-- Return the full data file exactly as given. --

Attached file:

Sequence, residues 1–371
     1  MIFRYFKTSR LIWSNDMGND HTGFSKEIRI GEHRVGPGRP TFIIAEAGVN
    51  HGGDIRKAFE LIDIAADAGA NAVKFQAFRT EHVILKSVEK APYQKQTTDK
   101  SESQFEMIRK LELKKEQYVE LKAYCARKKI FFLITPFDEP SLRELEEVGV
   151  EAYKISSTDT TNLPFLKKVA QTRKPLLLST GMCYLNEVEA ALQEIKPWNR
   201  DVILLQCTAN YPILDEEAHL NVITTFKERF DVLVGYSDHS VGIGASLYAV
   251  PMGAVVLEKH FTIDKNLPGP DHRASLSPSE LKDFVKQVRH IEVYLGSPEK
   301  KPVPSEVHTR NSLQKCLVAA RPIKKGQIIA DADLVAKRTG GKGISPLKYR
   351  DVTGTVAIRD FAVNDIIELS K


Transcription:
Sequence, residues 1–371
     1  MIFRYFKTSR LIWSNDMGND HTGFSKEIRI GEHRVGPGRP TFIIAEAGVN
    51  HGGDIRKAFE LIDIAADAGA NAVKFQAFRT EHVILKSVEK APYQKQTTDK
   101  SESQFEMIRK LELKKEQYVE LKAYCARKKI FFLITPFDEP SLRELEEVGV
   151  EAYKISSTDT TNLPFLKKVA QTRKPLLLST GMCYLNEVEA ALQEIKPWNR
   201  DVILLQCTAN YPILDEEAHL NVITTFKERF DVLVGYSDHS VGIGASLYAV
   251  PMGAVVLEKH FTIDKNLPGP DHRASLSPSE LKDFVKQVRH IEVYLGSPEK
   301  KPVPSEVHTR NSLQKCLVAA RPIKKGQIIA DADLVAKRTG GKGISPLKYR
   351  DVTGTVAIRD FAVNDIIELS K